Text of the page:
The solution is an irritant to eyes and mucous membranes. It should therefore be kept away from these areas. If the solution comes in contact with the eyes, they should be washed promptly and thoroughly with water.

The use of chlorhexidine solutions, both alcohol based and aqueous, for skin antisepsis prior to invasive procedures has been associated with chemical burns in neonates. Based on available case reports and the published literature, this risk appears to be higher in preterm infants, especially those born before 32 weeks of gestation and within the first 2 weeks of life.

Do not use on open skin wounds. Do not use on broken or damaged skin. In addition, direct contact with neural tissue or the middle ear must be avoided.

Prolonged skin contact with alcohol containing solutions should be avoided.

It is important to ensure that the correct method of applications is strictly followed (see section 4.2 above). When the solution has been applied in an over-vigorous manner to very fragile or sensitive skin or after repeated use, local skin reaction may occur including: erythema or inflammation, itching, dry and/or flaky skin and local application site pain. At the first sign of local skin reaction application of ChloraPrep should be stopped.

4.5 Interaction with other medicinal products and other forms of interaction

Alcohol should not be brought into contact with some vaccines and skin test injections (patch tests). If in doubt, consult the vaccine manufacturer's literature.

4.6 Fertility, pregnancy and lactation

There are no studies with this product in pregnant or lactating women.

No effects during pregnancy are anticipated, since systemic exposure to chlorhexidine gluconate is negligible. ChloraPrep can be used during pregnancy.

No effects on the breastfed newborn/infant are anticipated since the systemic exposure of the breast-feeding woman to chlorhexidine gluconate is negligible. ChloraPrep can be used during breast-feeding.

The effects of chlorhexidine gluconate on human reproduction have not been studied.

4.7 Effects on ability to drive and use machines

ChloraPrep has no influence on the ability to drive and use machines.

4.8 Undesirable effects

Very rarely (<1/10,000) allergic or irritation skin reactions have been reported with chlorhexidine and isopropyl alcohol including: erythema, rash (e. g. erythematous, papular, or maculopapular), pruritus and blisters or application site vesicles. Other local symptoms have included skin burning sensation, pain and inflammation.

Frequency not known: dermatitis, eczema, urticaria, chemical burns in neonates.

At the first sign of local skin reaction the use of ChloraPrep should be discontinued.

Frequency not known: Hypersensitivity including anaphylactic shock (see sections 4.3 and 4.4).

The most commonly reported adverse reactions reported are associated with application site reactions. These were noted to occur most often within the area of application of the solution (i. e. at the prep site) and very rarely spread. The adverse reactions were often self-limiting in nature or resolved following treatment with topical steroids and / or antihistamines. The most commonly reported reactions were non-serious in nature and included application site rash, application site erythema, application site vesicles, application site pain and application site pruritus. Frequency, type and severity of adverse reactions in children are expected to be the same as in adults.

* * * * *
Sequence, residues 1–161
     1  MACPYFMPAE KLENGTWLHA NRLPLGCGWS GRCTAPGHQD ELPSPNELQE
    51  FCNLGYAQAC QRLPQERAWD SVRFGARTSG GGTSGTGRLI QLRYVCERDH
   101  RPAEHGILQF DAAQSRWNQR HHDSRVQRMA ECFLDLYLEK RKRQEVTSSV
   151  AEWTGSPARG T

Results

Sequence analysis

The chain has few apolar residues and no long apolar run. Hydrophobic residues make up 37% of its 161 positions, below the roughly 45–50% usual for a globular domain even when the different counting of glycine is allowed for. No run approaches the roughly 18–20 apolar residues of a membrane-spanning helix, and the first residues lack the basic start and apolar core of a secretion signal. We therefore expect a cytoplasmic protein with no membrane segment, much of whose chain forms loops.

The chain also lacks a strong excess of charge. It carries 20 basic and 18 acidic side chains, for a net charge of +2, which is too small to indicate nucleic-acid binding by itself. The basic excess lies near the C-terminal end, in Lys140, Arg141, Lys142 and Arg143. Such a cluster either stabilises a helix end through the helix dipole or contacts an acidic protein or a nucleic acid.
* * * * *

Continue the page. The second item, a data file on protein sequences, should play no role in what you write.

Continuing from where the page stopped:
Reporting of suspected adverse reactions

Reporting suspected adverse reactions after authorisation of the medicinal product is important. It allows continued monitoring of the benefit/risk balance of the medicinal product. Healthcare professionals are asked to report any suspected adverse reactions via the Yellow Card Scheme at: www. mhra. gov. uk/yellowcard .

There are no reports of overdose with this product.

5. Pharmacological properties

5.1 Pharmacodynamic properties

Pharmacotherapeutic group: Chlorhexidine, combinations, ATC code: D08A C52

Mode of Action: Bisbiguanide antiseptics exert their lethal effect upon bacterial cells through non-specific interaction with acidic phospholipids of the cell membranes.

Chlorhexidine gluconate is a cationic biguanide. Its antimicrobial action is due to the disruption of the cell membrane and the precipitation of cell contents. It has a bactericidal or bacteriostatic action against a wide range of gram-positive and gram-negative bacteria. It is relatively ineffective against mycobacteria. It inhibits some viruses and is active against some fungi. It is inactive against bacterial spores. It has a superior residual property in comparison to currently available skin antiseptics. Chlorhexidine gluconate has a strong binding property to skin and has a residual property on the skin that has been documented at 48 hours. Chlorhexidine gluconate is not neutralised in the presence of organic matter.

Isopropyl alcohol is a rapidly bactericidal and a fast acting broad spectrum antiseptic, but is not considered persistent. Its mechanism of action appears to be denaturation of proteins.

ChloraPrep is a sterile antiseptic solution containing a combination of 2% Chlorhexidine gluconate in 70% Isopropyl alcohol, which is effective for both rapid and persistent reduction of bacterial load across various body regions for a broad spectrum of organisms. Isopropyl alcohol (70%) provides an immediate kill of transient and resident microorganisms on the stratum corneum and 2% Chlorhexidine gluconate binds to the superficial cell layers of the epidermis and provides a residual, or persistent, antimicrobial property that prevents regrowth of microorganisms.